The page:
Let's Automate Let's Encrypt

Create a script for renewal (I placed it in/root/update_keys.sh) with these contents:


mkdir -p /tmp/letsencrypt/www


OUTPUT="$((docker run --rm -i --name letsencrypt \
    -v /etc/letsencrypt:/etc/letsencrypt \
    -v /tmp/letsencrypt/www:/var/www \
    quay.io/letsencrypt/letsencrypt:latest renew) 2>&1)"

if [[ $? -eq 0 ]]; then
    echo "${OUTPUT}" | grep -q "No renewals were attempted"
    if [[ $? -eq 0 ]]; then
        # all certificates have more than 30 days left -
        # nothing to do
        exit 0
    echo "${OUTPUT}" | tr -Cd '[:print:]\n' \
        | mail -s "${HOSTNAME}: Let's Encrypt keys renewal -
         ↪success" "${ADMIN_EMAIL}"
        echo "${OUTPUT}" | tr -Cd '[:print:]\n' \
            | mail -s "${HOSTNAME}: Let's Encrypt keys renewal -
             ↪failed, exit code $?!" "${ADMIN_EMAIL}"
        exit 1

    # test config, reload if successful
    /usr/sbin/nginx -t &> /dev/null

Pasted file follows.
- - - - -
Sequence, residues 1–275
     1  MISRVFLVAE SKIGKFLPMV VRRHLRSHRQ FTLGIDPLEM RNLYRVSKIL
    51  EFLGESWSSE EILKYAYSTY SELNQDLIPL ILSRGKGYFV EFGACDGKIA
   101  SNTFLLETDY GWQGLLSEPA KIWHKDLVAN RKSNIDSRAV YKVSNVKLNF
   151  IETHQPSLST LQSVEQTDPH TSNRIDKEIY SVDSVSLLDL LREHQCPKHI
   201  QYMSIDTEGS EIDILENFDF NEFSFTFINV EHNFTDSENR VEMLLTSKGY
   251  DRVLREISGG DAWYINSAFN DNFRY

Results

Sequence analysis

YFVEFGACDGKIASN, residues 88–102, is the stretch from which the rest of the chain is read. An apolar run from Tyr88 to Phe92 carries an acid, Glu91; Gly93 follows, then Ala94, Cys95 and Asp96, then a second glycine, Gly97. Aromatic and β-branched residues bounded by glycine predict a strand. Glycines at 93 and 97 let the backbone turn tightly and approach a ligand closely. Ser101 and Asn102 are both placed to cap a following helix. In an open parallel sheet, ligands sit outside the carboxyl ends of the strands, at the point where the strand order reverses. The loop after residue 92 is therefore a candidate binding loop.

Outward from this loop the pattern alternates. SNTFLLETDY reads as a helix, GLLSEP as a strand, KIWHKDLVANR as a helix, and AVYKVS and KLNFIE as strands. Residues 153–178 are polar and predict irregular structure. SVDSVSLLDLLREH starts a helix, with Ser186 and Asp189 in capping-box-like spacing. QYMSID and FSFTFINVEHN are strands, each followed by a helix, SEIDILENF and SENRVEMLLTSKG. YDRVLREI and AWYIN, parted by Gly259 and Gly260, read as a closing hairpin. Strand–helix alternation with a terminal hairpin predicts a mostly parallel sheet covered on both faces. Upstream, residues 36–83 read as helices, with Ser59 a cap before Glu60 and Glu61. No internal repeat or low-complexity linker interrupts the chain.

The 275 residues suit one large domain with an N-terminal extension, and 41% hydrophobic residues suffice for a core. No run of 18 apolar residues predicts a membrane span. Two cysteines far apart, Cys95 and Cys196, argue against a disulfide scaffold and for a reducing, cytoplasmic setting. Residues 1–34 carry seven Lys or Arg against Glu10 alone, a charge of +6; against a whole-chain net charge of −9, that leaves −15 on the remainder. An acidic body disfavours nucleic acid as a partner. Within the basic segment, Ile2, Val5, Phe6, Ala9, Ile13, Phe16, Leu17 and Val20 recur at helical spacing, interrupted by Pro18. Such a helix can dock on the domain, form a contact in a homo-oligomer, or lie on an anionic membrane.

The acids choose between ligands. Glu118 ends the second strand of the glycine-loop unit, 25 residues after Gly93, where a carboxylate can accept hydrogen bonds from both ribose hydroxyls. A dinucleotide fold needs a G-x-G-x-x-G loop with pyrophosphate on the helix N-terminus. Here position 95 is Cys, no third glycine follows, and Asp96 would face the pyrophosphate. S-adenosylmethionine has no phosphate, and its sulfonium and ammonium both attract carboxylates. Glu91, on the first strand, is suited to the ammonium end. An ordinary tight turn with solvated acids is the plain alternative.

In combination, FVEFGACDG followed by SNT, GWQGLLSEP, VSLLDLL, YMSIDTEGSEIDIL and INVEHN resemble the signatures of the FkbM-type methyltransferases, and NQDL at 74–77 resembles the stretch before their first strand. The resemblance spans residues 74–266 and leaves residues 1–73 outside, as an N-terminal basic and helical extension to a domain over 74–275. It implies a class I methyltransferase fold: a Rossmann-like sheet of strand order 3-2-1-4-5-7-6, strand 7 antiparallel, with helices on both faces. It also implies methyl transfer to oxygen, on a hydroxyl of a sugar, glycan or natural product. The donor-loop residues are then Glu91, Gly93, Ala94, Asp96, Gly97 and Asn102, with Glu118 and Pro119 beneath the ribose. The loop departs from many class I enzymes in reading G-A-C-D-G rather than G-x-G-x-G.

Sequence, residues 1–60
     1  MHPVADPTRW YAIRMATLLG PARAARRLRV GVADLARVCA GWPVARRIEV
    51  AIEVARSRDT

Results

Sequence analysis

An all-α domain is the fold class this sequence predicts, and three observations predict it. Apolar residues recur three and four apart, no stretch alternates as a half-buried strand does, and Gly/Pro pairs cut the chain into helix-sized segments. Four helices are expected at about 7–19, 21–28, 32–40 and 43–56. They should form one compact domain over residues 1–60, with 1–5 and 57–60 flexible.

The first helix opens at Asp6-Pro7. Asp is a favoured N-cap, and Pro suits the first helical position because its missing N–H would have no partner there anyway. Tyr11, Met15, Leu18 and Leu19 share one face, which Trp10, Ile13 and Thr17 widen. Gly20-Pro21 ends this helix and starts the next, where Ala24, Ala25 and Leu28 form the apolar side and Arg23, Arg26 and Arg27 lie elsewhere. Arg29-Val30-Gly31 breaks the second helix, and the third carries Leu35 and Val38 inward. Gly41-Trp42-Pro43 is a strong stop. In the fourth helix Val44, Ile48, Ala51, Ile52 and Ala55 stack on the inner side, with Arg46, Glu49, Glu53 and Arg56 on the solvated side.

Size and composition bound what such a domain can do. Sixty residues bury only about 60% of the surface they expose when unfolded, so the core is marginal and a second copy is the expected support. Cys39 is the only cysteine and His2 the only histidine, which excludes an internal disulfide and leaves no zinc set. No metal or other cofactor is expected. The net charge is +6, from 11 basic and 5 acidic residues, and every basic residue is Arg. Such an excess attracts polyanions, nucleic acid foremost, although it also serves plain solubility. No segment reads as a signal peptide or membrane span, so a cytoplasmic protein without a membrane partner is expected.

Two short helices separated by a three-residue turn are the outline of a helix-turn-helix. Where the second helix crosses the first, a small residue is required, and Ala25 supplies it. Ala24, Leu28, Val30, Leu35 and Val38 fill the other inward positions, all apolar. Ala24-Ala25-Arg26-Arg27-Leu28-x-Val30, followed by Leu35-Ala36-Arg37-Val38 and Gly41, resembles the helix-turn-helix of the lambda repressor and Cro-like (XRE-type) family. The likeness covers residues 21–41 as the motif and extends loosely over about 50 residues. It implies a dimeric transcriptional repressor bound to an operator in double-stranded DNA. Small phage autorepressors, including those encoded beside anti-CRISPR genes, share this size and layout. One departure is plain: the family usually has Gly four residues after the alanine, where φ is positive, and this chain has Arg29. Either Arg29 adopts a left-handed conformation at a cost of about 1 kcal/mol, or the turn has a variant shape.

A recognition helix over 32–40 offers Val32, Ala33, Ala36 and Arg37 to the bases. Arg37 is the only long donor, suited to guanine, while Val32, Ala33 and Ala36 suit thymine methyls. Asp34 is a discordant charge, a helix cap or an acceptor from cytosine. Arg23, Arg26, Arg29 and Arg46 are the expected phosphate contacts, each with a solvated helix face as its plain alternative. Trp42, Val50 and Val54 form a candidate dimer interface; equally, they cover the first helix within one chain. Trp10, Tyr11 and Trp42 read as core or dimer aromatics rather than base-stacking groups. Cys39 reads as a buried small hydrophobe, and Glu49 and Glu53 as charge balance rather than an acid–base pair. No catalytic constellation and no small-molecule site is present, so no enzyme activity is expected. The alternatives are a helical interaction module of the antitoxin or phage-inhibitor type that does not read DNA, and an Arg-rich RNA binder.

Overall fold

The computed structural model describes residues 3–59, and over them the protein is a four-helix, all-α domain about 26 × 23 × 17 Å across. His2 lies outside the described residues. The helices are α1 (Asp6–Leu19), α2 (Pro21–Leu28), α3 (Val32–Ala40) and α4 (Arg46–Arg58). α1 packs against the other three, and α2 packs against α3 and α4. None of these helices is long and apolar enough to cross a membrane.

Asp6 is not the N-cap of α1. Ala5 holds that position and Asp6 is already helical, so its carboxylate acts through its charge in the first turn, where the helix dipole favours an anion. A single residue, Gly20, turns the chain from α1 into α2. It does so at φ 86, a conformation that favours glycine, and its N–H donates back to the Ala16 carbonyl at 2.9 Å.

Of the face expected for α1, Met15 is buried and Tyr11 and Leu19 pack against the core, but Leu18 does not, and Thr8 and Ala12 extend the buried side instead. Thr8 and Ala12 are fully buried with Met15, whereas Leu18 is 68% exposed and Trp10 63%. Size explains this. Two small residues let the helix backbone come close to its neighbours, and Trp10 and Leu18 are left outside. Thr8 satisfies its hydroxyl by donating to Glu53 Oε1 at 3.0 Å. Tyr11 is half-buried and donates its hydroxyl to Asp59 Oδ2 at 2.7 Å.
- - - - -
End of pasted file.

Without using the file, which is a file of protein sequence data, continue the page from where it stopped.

if [[ $? -ne 0 ]]; then
        echo 'please fix configfile problem' \
            | mail -s "${HOSTNAME}: nginx unable to reload"
        logger "nginx has errors - not reloaded"
        service nginx reload
        logger "nginx reloaded"

    rm -rf /tmp/letsencrypt

Remember to assign proper access rights:

sudo chmod u+x /root/update_keys.sh

And create a crontab entry:

sudo crontab -e

with a line like this:

17 2 * * * /root/update_keys.sh

That will trigger execution of this update script at 2:17 every day. The update script will check whether your certificates have more than 30 days left, and if they don't, it will attempt to renew all expiring certificates. Are you wondering why I used 2:17 am? Well, there is a simple explanation for that: almost everybody else did not. Most people, when creating cron jobs, use some simple value like 1:00 am, 2:00 am, 3:30 am, 4:15 pm and so on, and that is a really, really bad choice if your cron job is supposed to talk to an external service, because that means the service will experience maximum loads every once in a while. It is bad for the service, and it is not good for you; the chance of getting a timeout is significantly higher if you send a request during these peak loads.

So, for this job, please, please do not use an even value, and do not use my value; use some random value instead, and everything will be fine.

As you can see, Let's Encrypt managed to make the full automation of certificate maintenance possible. If you are using it right, it just works—and it's free.


Andrei Lukovenko is a longtime Linux user, command-line fanboy, automation aficionado.